The Poetic Guitar
Franz SCHUBERT (1797-1828) (arr. Caspar Joseph Mertz)
Lob der Tränen [4:08]
Die Post [3:16]
Das Fischermädchen [2:38]
Robert SCHUMANN (1810-1856)
Dichterliebe Op. 48 (1840, arr. Cordas 2005-11) [32:56]
Karel Arnoldus CRAEIJVANGER (1817-1868)
Introduction and Variations sur un thème de l’opera Der Freischütz (pub. 1847/8) [12:43]
Trois Nocturnes [11:38]
Fernando Riscado Cordas (guitar and author)
rec. Studio Helmbreker, The Netherlands, dates not given
Private label FRC0114 [56:23 + 24:21]
On face value it’s hard to know how to categorise this release. Either it’s a book with two CDs, or it’s a recording, the booklet notes of which got completely out of hand and ended up in a remarkable tome of over 300 pages. Author and guitarist Fernando Riscado Cordas freely admits that the latter was originally the case, though the luxury hardback presentation, superb range of photographs and illustrations and sheer depth of research has made this into an object which deserves pride of place on any library shelf. I have to admit an interest from the outset, having been hired to make the translation from Dutch to English. Half of your 300+ pages will indeed be in Dutch, but the whole thing is very good value for money even taking this into consideration.
The starting point for this volume and recording was the collection of arrangements of Schubert Songs made by Caspar Joseph Mertz, a 19th century guitar virtuoso well known to players and connoisseurs though not really a household name by comparison with others of the period. Inspired by this collection, Fernando Riscado Cordas took on the immense task of transcribing Robert Schumann’s complete song cycle Dichterliebe for solo guitar.
The booklet goes into some detail on the technical problems with all of these transcriptions, but the text is more concerned with a remarkably detailed and extremely readable examination of Schubert and Schumann’s lives, the times in which their music was composed, the poets and poetry set in their songs and beyond. You will learn a huge amount about all of this, plus the up-and-down fashion for the guitar and the mixed fortunes of its players and makers. While researching Mertz’s arrangements Cordas discovered the four surviving and only known works for guitar by Dutch guitarist and composer Karel Arnoldus Craeijvanger. This is not only a unique set of recordings including the CD world première of the Trois Nocturnes, but also provides a fascinating snapshot into musical life in the Netherlands and Europe in the mid 19th century.
The Mertz Schubert arrangements are delightfully light in texture and given subtly colourful performances by Cordas. The decisions about how far the piano originals are playable on guitar apply both here as well as to Cordas’s own transcriptions of Schumann’s Dichterliebe. Changes of key for practical reasons are clearly shown in tables in the book, also comparing Liszt’s versions of the Schubert songs and the Friedländer transcriptions of Dichterliebe. To me, Cordas’s versions strike an ideal balance between fidelity to the musical intentions of the composer and adaptation in order to create something of expressive value to guitarist and audience alike. The painstaking and detailed way in which these transcriptions was made is outlined in the book, with the problematic Dass ist ein Flöten und Geigen nearly seeing the whole project grind to a halt. This painstaking approach is the same as that taken to Cordas’s with the text of his book, with everything backed up by a vast bibliography and detailed references for every chapter.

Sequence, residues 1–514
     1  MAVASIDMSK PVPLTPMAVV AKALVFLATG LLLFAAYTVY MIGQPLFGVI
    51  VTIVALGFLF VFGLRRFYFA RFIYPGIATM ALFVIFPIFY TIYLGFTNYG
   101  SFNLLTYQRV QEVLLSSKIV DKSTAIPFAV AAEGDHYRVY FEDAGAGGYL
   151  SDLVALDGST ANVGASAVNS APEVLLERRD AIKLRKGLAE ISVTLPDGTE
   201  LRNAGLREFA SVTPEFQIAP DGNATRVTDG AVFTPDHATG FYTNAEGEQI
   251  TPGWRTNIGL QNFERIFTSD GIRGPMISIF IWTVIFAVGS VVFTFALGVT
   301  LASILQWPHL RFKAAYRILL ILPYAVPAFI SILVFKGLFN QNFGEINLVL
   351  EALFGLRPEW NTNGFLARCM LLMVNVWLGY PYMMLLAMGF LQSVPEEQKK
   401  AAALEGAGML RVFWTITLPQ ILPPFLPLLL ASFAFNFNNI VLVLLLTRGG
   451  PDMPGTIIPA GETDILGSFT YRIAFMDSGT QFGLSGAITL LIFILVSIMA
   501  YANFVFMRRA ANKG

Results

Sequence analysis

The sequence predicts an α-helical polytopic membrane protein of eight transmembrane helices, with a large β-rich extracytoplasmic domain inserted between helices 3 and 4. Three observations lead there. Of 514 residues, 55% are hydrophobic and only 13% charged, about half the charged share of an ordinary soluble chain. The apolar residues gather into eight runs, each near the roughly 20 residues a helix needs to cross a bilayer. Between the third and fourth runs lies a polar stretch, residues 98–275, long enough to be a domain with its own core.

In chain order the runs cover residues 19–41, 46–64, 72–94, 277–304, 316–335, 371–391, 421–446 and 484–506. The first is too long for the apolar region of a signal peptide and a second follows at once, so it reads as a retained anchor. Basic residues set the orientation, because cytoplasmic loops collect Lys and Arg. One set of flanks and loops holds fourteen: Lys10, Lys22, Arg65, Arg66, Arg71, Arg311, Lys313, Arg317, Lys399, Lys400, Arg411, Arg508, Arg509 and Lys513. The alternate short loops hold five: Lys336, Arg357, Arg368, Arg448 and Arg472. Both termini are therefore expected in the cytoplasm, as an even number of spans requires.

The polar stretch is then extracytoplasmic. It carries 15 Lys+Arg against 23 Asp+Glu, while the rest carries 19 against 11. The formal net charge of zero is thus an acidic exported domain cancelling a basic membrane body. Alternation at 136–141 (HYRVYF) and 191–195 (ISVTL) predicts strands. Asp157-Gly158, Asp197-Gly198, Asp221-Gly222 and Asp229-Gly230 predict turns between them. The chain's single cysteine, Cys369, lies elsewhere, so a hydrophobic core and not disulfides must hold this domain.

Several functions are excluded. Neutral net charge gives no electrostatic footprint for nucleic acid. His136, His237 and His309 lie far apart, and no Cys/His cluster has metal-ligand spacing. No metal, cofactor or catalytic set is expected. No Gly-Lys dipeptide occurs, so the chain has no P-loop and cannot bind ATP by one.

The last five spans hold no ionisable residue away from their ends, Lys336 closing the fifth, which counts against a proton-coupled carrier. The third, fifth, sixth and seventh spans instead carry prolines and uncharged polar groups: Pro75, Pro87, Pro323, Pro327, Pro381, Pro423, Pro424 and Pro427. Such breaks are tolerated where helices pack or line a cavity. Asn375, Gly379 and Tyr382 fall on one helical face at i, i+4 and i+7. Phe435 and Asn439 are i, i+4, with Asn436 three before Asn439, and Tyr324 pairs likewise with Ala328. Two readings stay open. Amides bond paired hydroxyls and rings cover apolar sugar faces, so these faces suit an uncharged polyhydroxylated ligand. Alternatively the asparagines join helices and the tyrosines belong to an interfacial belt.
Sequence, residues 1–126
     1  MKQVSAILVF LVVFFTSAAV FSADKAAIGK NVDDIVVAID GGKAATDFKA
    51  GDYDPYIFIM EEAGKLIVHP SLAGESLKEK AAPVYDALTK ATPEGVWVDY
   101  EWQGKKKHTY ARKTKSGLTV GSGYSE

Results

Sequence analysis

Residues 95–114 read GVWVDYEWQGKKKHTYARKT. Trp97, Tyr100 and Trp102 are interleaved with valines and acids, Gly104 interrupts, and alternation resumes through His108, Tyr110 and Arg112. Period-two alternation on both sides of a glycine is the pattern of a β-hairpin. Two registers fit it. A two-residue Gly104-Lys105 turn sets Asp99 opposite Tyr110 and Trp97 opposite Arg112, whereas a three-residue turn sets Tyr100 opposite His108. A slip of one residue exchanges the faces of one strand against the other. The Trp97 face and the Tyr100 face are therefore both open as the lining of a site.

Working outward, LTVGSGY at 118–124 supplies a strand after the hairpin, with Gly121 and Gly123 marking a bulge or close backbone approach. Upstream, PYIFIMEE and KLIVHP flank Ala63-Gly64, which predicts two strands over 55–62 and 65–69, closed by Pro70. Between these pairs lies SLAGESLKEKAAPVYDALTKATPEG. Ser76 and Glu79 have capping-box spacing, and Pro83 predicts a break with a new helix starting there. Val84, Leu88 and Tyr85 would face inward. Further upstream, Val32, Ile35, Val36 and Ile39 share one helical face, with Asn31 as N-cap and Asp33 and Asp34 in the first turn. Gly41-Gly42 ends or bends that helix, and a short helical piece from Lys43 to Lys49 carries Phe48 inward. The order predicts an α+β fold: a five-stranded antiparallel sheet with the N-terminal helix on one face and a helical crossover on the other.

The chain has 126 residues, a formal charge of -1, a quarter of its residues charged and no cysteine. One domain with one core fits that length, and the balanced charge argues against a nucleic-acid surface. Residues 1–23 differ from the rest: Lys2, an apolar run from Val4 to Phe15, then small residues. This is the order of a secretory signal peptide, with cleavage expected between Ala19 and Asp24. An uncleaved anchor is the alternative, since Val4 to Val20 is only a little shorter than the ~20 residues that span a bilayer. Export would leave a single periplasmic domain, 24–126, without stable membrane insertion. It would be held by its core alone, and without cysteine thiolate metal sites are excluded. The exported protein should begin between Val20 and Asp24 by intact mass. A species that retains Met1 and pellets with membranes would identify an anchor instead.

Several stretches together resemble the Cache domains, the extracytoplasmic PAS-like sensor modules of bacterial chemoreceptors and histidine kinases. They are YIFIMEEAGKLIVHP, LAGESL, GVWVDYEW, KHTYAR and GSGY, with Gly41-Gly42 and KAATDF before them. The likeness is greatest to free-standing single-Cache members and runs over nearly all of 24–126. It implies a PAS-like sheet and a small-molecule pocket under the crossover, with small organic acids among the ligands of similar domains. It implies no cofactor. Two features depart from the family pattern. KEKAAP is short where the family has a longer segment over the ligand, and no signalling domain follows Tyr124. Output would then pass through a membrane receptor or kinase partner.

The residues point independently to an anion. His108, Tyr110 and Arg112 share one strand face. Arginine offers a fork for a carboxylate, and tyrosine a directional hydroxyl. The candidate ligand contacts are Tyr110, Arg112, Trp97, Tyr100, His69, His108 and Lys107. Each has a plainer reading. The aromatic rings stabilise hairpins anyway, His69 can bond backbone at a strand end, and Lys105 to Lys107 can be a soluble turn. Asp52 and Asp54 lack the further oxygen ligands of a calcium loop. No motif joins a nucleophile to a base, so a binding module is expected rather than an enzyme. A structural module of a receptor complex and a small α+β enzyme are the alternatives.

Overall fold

You are unlikely to have heard of Craeijvanger or Craeyvanger, but his Introduction & Variations sur un thème de l’opera Der Freischütz has appeared on a Naxos Guitar Laureate recital by Johannes Möller (review) who, like Cordas, has connections to the Royal Conservatoire in The Hague. With the added interest of historic provenance for Cordas’s instrument I don’t intend making comparisons, but both performances are excellent. The Trois Nocturnes were printed but not published in Utrecht in an unknown year. Both of these works are fine examples of music written specifically for guitar and the latter could fit easily into the standard repertoire, Craeijvanger’s writing for his instrument being our best evidence for his undoubtedly fine abilities as a performer. The lyrical nature of the second nocturne marked Andantino is very appealing, as it the final Adagio with its shades of Chopin in the melodic shape of its main theme, though its technical content makes it highly idiomatic for guitar.
The recordings are superbly produced, with close detail but no subsidiary noises and a nicely atmospheric aura. The Mertz arrangements and the works by Craeijvanger are played on an instrument by Viennese maker Johann Georg Stauffer from around 1824, and Schumann’s Dichterliebe played on a modern instrument, showing the contrast in timbre and sustaining quality between the ages. The Stauffer instrument was loaned by The Hague’s Gemeente or municipal museum which has a very fine collection of historic instruments. Bringing such a fragile instrument carefully into playing condition is a story in itself. If you are keen on music from the Romantic era and want to delve deeply into the worlds of these composers then this is a very special place to visit, and to keep as a substantial and lifelong reference.